The new for 2018 Formula 1 cars are now being launched and the first of those was that of the HAAS Formula 1 team, closely followed by the Williams, Red Bull, Renault and Sauber launches, and then a couple of days later the Mercedes and Ferrari teams and today in England the McLaren team.
The overall look of the cars has drifted, understandably, towards the all-conquering Mercedes style with some Ferrari elements thrown in. A couple more launches to come and one point of interest to all was just how the best automotive engineers and designers in the world were going to ‘meld’ the so-called ‘Halo’, the ‘cockpit head protection system’, into the cars design.
One thing that does strike the viewer is that this appendage does not look any better now than it did when first muted. A bit smoother perhaps, slightly more integrated maybe, colour coded as a form of camouflage and just a little more aerodynamic, yes.
But it is still there. An ugly attachment.
At the Williams launch the Chief Technical Officer of the team, Paddy Lowe, maintained, “I think by the second race nobody will notice it any more”. An optimistic view I think but the facts are simple: It is there, it is not going away, we will get used to it (in time perhaps), we will notice it and the concept will eventually trickle down in various forms, to almost every single seat Formulae under the auspices of the FIA.
One subject that did come under some discussion at the Williams launch was the ‘pay driver’.
Williams deputy team principal Claire Williams was vigorous in her insistence that to call any Formula 1 driver by that name is unfair. She stated “It’s nothing new in F1 that drivers come with money, and thank goodness that they do.”
It is a fair point to make.
It is also difficult to think of a Formula 1 driver who did not, in some form or other, either buy his or her way into a drive or bring substantial money to the team from a sponsor, when otherwise that sponsor would not be part of the team.
Claire Williams was obviously reffering to the Williams team’s driver line up for 2018 with both Lance Stroll and Sergey Sirotkin apparently bringing major, and much needed, funding to the team.
From the ‘gentlemen’ drivers of the 1950s it is a trend as old as Formula 1 itself, but one that started to gain real traction in parallel with the sponsorship of Formula 1 cars. The great three time World Champion Niki Lauda was forced to get a bank loan to buy his way into the now long defunct BRM team. That proved to be a reasonable investment by any standards.
The MARLBORO cigarette brand financed the careers of multiple drivers and to get the huge support of that company meant a driver had the whip hand in where to take his sack of gold, as long as Marlboro agreed that is.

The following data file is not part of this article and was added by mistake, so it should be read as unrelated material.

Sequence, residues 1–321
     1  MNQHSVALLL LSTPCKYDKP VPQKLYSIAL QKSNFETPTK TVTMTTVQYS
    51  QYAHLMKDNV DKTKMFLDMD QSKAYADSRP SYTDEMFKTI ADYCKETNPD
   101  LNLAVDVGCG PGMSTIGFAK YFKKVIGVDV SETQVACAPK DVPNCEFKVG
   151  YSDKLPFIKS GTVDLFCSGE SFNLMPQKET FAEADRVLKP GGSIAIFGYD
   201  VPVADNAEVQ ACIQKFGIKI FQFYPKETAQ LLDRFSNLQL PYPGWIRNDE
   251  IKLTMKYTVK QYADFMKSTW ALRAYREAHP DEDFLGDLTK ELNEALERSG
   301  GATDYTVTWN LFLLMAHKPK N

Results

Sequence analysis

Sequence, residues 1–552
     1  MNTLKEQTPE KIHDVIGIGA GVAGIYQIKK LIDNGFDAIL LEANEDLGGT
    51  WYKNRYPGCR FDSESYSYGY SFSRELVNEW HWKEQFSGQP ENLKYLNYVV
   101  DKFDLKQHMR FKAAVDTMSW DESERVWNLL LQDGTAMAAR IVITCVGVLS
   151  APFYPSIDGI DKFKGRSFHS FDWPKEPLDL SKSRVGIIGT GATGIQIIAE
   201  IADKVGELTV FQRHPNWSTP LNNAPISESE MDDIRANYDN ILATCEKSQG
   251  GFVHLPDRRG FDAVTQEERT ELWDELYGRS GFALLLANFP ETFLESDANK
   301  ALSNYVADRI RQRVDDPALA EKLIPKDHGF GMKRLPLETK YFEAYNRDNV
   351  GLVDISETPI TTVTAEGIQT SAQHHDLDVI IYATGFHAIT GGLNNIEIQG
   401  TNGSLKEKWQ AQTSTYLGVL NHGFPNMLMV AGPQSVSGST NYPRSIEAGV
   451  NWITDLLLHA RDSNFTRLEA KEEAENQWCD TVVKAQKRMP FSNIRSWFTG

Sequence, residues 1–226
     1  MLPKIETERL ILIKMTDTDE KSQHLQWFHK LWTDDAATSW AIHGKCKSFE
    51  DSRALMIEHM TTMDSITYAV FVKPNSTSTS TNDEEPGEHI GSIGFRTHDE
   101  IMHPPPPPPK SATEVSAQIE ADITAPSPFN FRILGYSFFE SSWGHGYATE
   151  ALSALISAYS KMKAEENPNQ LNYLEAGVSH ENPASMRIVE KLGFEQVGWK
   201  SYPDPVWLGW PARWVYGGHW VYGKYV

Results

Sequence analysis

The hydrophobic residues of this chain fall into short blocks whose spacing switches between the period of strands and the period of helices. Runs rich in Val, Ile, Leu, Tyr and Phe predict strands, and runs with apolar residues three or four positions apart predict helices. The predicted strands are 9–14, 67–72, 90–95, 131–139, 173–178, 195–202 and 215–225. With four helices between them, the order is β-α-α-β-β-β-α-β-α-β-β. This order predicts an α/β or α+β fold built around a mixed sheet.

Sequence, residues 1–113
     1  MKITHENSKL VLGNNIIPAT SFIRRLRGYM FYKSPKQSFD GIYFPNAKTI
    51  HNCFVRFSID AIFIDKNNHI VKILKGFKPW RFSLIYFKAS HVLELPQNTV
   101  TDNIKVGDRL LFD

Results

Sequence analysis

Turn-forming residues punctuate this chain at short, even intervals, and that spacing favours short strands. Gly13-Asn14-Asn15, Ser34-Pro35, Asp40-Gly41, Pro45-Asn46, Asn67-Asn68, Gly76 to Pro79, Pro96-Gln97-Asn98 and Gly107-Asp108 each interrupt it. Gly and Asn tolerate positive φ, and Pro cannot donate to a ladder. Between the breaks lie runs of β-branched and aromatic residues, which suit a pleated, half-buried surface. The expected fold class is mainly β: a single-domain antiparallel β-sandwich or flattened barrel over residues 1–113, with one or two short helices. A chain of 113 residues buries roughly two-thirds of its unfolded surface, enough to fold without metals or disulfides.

A few world champions remain grateful to the Philip Morris Tobacco Company. It became almost the fashion for other cigarette companies to associate themselves with young drivers by financing their careers in the hope and expectation of greater things to come.
In more recent years one could choose almost any driver from the grid and point to a sponsor or backer whose funding enabled that driver to get a drive. The process is achieved in many ways and often involves a drivers retainer.
Once again Marlboro is famous, to this day, for giving backing to a team, in large part by taking care of the drivers substantial pay packet, something that McLaren’s Ron Dennis did with great effect in order to employ the best drivers available, and that practice is still in effect today at Scuderia Ferrari.
When Fernando Alonso joined the McLaren team he was closely followed by long time Spanish sponsor Santander, as was the case when Alonso joined Ferrari.
Sergio Perez joined the Force India team in 2014 with the huge aid of Mexican telecommunications company Telmex, owned by one of the world’s richest men Carlos Slim, a long time backer of Perez and other Mexican drivers. Telmex sponsors Force India.
The erratic and unpredictable Pastor Maldonado eased his way into Formula 1 by way of assistance from the Venezualan Government and the oil company PDVSA, and some US$50 million. Maldonado was a friend of the late Venezuela president, Hugo Chávez.
So the ‘pay driver’ syndrome is not a new one but it goes some way in explaining why so many drivers of undoubted talent never quite make it to the very top rung of the ladder. There are many talented drivers but few with the ability to use another parties bank account.
If the right door opens at the right time a Formula 1 team’s driver development arm may spot a potential champion. The Red Bull programme is famous, perhaps infamous, for doing that and their latest ‘young’ protege Brendon Hartley has eventually benefitted from the association.
Palmerston North here in New Zealand is bereft of billionaires who want to support our young drivers with untold millions of investment dollars.
The McLaren team picked up a young, and financially struggling Lewis Hamilton and now the Ferrari Driver Academy is looking after the career, among others, of Kiwi Marcus Armstrong.
Having a Formula 1 ‘sugar daddy’ tucked away is all very well but to get into the top echelon one thing always rules: That is talent.
It doesn’t matter how much you can bring to the table, if you don’t have talent your seat at that table will be brief indeed.